A person will go through several rites of passage on their way to attaining their private pilot’s license.
The first, and the one that will be remembered for a lifetime, is the first solo.
When starting to learn how to fly, most student pilots are starting with only the desire and dream to fly. The only experience these novice pilots can relate to is that of driving a car, which they soon find to be more of a hindrance than a help to them in taxiing and maneuvering the aircraft.
From the start, the whole experience is foreign to the beginner. On the ground, you steer the aircraft with your feet, controlling the speed with the use of a hand throttle. In the air, your world has another dimension added to it. You not only go forward and right and left (like an automobile), but now you also have the ability to go up and down. Now the trick is to keep everything coordinated — maintaining altitudes, headings and airspeeds at the same time while you are looking out for other traffic, keeping track of where you are and making radio calls.
In the late spring/early summer of this year, three of the San Juan Flyers, Inc. student pilot members began their journey in attaining their Private Pilot’s Certificate.
During the first week in November, these three student pilots found out what it was like to solo for the first time. Jon Reed soloed on Nov. 3; Sean Chopelas soloed on Nov. 5; and Rick Taylor soloed on Nov. 8.
For each, the time and number of hours it took to reach this accomplishment varied, but all had the same thought after soloing as Rick Taylor: “I had great instruction, from a very competent teacher and I knew what I was doing. ?Just do what I had been taught to do and not become a CNN news item.”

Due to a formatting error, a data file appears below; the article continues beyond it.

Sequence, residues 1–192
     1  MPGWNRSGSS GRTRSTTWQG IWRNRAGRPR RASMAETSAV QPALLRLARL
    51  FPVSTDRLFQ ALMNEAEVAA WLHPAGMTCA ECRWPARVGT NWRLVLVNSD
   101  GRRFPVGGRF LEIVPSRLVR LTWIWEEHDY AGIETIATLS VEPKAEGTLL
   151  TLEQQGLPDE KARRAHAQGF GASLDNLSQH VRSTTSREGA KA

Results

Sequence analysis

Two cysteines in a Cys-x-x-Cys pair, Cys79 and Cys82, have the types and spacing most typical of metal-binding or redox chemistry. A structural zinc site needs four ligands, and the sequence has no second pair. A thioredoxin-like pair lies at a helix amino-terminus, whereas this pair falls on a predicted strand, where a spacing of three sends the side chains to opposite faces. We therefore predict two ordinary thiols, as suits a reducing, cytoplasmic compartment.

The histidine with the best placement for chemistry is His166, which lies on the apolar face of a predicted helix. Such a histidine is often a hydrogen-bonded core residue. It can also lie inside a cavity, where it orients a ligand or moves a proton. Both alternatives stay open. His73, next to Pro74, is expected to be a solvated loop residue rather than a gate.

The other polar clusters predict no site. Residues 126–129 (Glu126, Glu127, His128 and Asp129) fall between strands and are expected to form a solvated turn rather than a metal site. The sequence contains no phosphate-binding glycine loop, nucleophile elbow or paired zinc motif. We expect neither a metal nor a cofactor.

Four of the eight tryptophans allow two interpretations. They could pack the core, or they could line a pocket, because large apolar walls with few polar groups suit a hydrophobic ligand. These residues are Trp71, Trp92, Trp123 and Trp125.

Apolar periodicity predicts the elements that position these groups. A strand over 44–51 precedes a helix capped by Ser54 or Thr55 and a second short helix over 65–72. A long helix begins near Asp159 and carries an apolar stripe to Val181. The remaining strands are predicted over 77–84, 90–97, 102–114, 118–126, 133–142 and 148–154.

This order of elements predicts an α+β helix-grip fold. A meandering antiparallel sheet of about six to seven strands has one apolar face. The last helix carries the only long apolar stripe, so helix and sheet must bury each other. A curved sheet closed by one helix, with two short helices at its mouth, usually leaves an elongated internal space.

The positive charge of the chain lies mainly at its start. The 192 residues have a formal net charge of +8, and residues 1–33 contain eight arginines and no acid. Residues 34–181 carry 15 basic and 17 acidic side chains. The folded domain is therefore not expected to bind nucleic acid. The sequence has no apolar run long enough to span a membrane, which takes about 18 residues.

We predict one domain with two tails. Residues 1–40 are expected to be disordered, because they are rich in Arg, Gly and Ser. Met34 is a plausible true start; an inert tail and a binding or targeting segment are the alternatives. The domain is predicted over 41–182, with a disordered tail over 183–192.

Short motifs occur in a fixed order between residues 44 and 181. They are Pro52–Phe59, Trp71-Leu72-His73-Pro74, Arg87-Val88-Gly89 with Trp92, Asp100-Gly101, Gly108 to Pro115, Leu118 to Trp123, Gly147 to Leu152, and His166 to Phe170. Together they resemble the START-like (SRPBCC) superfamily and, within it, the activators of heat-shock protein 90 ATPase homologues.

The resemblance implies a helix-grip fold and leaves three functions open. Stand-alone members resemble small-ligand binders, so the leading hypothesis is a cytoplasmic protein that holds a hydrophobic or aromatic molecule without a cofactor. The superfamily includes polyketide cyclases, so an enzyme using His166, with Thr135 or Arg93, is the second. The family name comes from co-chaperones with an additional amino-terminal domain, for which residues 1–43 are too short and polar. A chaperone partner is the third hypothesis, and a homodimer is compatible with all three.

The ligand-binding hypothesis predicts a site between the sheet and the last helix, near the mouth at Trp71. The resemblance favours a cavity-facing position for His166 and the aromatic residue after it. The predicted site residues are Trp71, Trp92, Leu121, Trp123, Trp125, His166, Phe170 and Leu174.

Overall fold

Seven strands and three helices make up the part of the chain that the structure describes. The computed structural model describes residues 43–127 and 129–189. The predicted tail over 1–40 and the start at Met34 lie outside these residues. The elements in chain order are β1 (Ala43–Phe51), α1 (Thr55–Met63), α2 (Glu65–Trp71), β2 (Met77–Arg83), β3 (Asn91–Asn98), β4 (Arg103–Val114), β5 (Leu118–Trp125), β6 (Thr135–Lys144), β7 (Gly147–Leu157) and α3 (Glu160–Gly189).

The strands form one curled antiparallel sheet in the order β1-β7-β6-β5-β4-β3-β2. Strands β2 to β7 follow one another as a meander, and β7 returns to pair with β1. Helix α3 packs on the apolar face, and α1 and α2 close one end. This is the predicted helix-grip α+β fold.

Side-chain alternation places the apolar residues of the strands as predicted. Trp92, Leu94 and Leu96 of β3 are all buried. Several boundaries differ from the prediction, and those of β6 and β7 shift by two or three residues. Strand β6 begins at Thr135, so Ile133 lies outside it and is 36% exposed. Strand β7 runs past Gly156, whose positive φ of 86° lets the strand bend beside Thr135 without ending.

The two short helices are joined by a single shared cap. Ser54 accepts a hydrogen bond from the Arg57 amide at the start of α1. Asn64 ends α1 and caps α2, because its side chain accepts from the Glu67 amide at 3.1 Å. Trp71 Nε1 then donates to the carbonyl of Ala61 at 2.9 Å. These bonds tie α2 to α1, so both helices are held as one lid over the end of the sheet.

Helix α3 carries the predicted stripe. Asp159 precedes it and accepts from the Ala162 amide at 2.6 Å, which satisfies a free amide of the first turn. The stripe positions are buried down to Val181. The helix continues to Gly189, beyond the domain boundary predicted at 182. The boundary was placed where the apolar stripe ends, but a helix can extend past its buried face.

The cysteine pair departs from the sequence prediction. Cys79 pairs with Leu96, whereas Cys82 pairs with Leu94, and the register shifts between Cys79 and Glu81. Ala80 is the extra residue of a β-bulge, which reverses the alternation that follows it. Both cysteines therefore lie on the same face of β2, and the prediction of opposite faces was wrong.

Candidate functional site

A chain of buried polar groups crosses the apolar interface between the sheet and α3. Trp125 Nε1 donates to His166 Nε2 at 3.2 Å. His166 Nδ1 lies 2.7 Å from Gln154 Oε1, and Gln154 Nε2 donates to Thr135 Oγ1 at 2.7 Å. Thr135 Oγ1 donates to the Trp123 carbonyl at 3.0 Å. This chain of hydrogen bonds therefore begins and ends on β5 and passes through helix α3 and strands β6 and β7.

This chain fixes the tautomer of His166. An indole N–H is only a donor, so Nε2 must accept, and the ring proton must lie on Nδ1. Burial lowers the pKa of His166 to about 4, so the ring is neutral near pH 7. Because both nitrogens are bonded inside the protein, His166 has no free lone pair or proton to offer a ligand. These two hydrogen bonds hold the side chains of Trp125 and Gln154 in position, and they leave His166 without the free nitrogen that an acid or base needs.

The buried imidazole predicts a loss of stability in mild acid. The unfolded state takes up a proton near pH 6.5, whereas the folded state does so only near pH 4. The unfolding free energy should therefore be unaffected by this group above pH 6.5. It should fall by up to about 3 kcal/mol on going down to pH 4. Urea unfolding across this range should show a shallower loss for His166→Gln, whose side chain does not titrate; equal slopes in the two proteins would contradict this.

Chopelas added, “It was a great confidence builder. Knowing I was up here by myself and it was up to me to get the airplane back down on the ground in one piece.”
There is a lot to learn in those first 15-28 hours prior to the first solo. It has been likened to trying to drink from a fire hose. The Federal Aviation Regulations require the flight instructor to make sure the student pilot is proficient in maneuvers such as preflight, run-up, taxiing, straight and level flight, turns, emergency procedures, and, of course, takeoff and landings to name just a few.
The instructor must also be sure the student is knowledgeable in the areas of the regulations, airspace and operating limitations of the aircraft being flown. This is done through a written test and oral questions. The pre-solo phase is considered to be the most intense of the private pilot training and next to passing the check ride to receiving your certificate, the most rewarding stage of your flight training. You have gone from not even knowing how to start this machine to confidently flying the aircraft on your own.
How can you get started?
San Juan Flyers has been giving Pagosa Springs pilots the flying experience they want at a price they can afford. San Juan Flyers is a non-profit alternative to aircraft rental with two IFR single engine airplanes and its own hangar. The club also has three certified flight instructors and is able to offer both great training and convenient flying experiences into and out of Stevens Field-KPSO.
Whether you are just getting started or already have your pilot’s certificates, San Juan Flyers can keep your dream of flight alive. Membership in the San Juan Flyers provides each member with exceptionally low flying costs, full flight insurance, and educational opportunities at rates below current market fees.
For more information, call 731-3348, or e-mail firstname.lastname@example.org.